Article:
The Consumer Technology Association is a Washington, D.C. trade association that represents technology companies. The organization’s study polled approximately 314 executives and had a fairly even split between small and large technology companies. The study found that just over 7% of technology executives polled believe only some job functions will be automated in the next five years. But 44% of those executives polled said they believed most job functions would be operated by machines or software in that same time period.
In addition, 55% of executives polled said they would automate jobs within their own companies “to remain competitive.” Considering that the global automated guided vehicle (AGV) market will grow to reach an estimated value of $2.3 billion by 2024, automation will continue to shape the modern manufacturing industry.
Automation has long been an increasingly concerning topic for many workers, especially as business executives and political leaders attempt to reconcile the economic productivity of automation with all of the jobs potentially being taken from citizens. Despite those concerns, almost 70% of the executives polled said they planned on hiring more employees.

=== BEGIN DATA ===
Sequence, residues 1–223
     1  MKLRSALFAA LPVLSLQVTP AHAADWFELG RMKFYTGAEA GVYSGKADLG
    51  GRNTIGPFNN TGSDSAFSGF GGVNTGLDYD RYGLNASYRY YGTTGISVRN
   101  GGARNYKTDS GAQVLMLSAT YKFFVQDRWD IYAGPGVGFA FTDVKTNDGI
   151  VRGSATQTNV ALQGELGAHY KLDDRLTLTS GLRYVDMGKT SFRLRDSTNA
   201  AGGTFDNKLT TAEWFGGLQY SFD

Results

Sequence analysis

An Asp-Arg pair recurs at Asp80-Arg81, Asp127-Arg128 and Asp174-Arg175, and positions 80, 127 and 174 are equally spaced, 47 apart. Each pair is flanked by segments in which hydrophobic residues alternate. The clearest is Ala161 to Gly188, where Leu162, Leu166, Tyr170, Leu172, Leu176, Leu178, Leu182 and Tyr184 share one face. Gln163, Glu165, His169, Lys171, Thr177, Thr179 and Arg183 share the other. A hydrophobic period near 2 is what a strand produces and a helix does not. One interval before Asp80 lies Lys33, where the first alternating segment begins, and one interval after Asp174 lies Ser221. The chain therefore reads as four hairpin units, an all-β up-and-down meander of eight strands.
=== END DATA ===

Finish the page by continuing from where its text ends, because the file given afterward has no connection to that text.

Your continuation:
Granted, almost 48% of those executives also admitted that a majority of those employees would be either contract or part-time workers. Increasing numbers of contract employees, such as those who drive for Lyft or other ride-hailing services, have raised concerns about benefits like healthcare. Many people are now criticizing those companies who contract employees for withholding healthcare benefits even to their full-time contracted employees.
In fact, Uber only recently allowed limited healthcare benefits to its UK drivers.
But another study argues that automation, rather than taking jobs away from people, will actually provide more job openings for skilled workers. The study was conducted by Deloitte, a company that advises federal customers on how to incorporate robots into organizations.
The company’s report estimates that the federal government could save almost $41.1 billion by using more robots. In addition, the report states “large government job losses are unlikely,” leaving almost 25% of current workers open for more complex tasks.
This particular finding clashes with the Consumer Technology Association’s findings, which revealed almost 71% of executives polled were having difficulty finding workers skilled enough to fill positions created by robots opened up.
The future of automation and employment is certainly unstable, but these are the innovations that often allow modern society to thrive. Technology is constantly evolving in ways both large and small, from the release of the USB 2.0 specification in 2000 to the rise of self-driving cars in 2017. Whether those changes will ultimately prove to yield a net positive or negative for the economy and the world remains to be seen.
But according to both of these studies, further advancements in automation might not be such a scary prospect after all.